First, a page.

Copyright (c) 2014, Randall J. Seaver

7 comments:

Julie Michutka said...

I just had to update some FamilySearch image URLs; they're in course materials and I check them three times a year, before the course runs. The previous URLs were stable for many months, or shall we say they were permanent until they changed. ;-) I've had the waypoints change on me,too, when a collection was expanded.

Geolover said...

Last week or so, many users found that the so-called permalinks (URLs with "pal" in them) were not correctly linking to the places they were supposed to.

After a while the disruptive coding change was again changed, so they now work.

Randy, your comment, "FamilySearch claims that the URLs for their digital images are "permanent." I believe that they think it will be. But I know that URLs change, and in two, ten or fifty years, will that URL still work?" is right on target.

It is easy for some site programmer to make a very disruptive small change.

I still want to give the exact image URL, and do so with image number on imaged microfilm number and access date. With all this information it should be possible for a subsequent seeker to locate the image. The default FamilySearch citations are nowhere near as useful for the future.


Russ Worthington said...

Randy,

For Citations, with wanting to be as close to Evidence Explained as possible, I do not include URLs in my Reference Note (Citations). I do have a check mark option to do so AND I have them in my database on the Citation Screen.

Why then, don't I include them in my citation?

3 reasons, for me.

I look at what the output looks like

IF I print a chart or report that includes a Citation, can it be clicked on and taken to the source repeatedly, if at all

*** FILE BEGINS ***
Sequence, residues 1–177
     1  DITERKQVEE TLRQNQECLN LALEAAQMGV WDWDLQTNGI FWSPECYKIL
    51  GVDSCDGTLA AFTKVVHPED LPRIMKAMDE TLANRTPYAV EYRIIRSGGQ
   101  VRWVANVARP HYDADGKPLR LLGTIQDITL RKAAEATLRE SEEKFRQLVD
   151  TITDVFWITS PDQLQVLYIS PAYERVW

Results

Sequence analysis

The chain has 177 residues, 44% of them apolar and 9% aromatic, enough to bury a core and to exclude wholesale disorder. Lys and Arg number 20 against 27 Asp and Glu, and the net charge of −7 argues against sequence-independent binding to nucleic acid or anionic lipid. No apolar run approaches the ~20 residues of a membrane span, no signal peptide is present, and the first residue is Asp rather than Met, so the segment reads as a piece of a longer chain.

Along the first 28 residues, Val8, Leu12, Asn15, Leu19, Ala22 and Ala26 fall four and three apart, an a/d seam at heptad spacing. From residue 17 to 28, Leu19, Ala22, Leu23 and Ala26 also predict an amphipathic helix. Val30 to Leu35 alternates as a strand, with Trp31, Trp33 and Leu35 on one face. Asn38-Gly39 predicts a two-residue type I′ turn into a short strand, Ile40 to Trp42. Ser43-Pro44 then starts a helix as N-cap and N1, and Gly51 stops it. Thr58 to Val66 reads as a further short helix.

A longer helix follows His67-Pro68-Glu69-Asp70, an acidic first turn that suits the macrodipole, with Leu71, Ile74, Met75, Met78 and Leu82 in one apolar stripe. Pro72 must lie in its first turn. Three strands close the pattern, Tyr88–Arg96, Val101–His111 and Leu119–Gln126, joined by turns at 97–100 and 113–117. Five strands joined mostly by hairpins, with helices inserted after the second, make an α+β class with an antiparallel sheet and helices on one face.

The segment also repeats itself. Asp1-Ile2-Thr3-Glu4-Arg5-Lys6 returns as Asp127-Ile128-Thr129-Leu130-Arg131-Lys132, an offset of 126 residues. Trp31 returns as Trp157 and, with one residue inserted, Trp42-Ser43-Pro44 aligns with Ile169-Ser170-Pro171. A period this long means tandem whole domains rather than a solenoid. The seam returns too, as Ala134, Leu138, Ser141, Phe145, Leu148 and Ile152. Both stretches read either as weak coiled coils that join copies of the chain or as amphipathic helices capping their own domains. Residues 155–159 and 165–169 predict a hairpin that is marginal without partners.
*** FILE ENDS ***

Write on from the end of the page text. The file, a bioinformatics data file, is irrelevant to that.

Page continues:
Is it useful in my online family tree

For me, after looking at my questions, the answer is that I don't need to include the full URL. Websites (thus URLs) change over time making it useless. When it's in something that has been put on paper, you can't click on it and the URL, for me, is too difficult to try to enter in a browser address bar, and IF the tree is online, that link still may or may not work.

At least in my online tree, any image backing up the Citation, would be there, so it's really now helpful, but I an get to that image following the bread crumbs in the Citation.

I have gone back a couple of times to review the 1st 2 chapters of Evidence Explained, Citing History Sources from Artifacts to Cyberspace; by Elizabeth Shown Mills; 2007 Genealogical Publishing Company; Baltimore, Maryland; p. 59, para. 2.37; which is the hint, or OK in my book, reasoning for not including the dynamic URL in the Citation.

IF I have written the Citation correctly, going to the host website, the other details in the Citation will take the reader to what I am looking at when I record the data. Not only that, back to the original record that I am looking for. I thank that piece is more important then the detailed or complete URL to the specific image.

As I said, I do have that link, available to me, in my database, IF and when I need it.

T said...

I've found too often a url doesn't go to the document I am citing so now I save an image and in the properties box list every darn thing I can think of to help me find this same image again. I also include the url - Just In Case it still works. After familysearch started their partnerships I've not been able to view some of the documents without paying at the partner site. So now I save EVERYTHING to my computer and put the citation right with the image. If for some reason the url doesn't go there any more I still have the image (even if I have to say it was the 1850 census once found on familysearch or ancestry.com). Better to have the image without citation than no image at all.

Mark Roy said...

Sorry -- I thought the citation came directly from Family Search, otherwise I would have been more diplomatic.

Ironically, I just checked the citations that FS generates and they do indeed include the permalink URL in addition to the textual description.

If you make the argument that the image permalink URLs won't hold up over time, then why include any URL at all?


Chris Wilson said...

Regarding the problem of correctly copying the full digital image URL, what about using TinyURL (or similar) or is that frowned upon for citations?

Randy Seaver said...

Chris,

There is no guarantee that TinyURLs or Bit.Ly URLs are or will be permanent. They are certainly something to consider in blogp osts and thel ike, but perhaps not for "all time."

I've made TinyURLs in the past and had them not work later.

Thanks for the comment!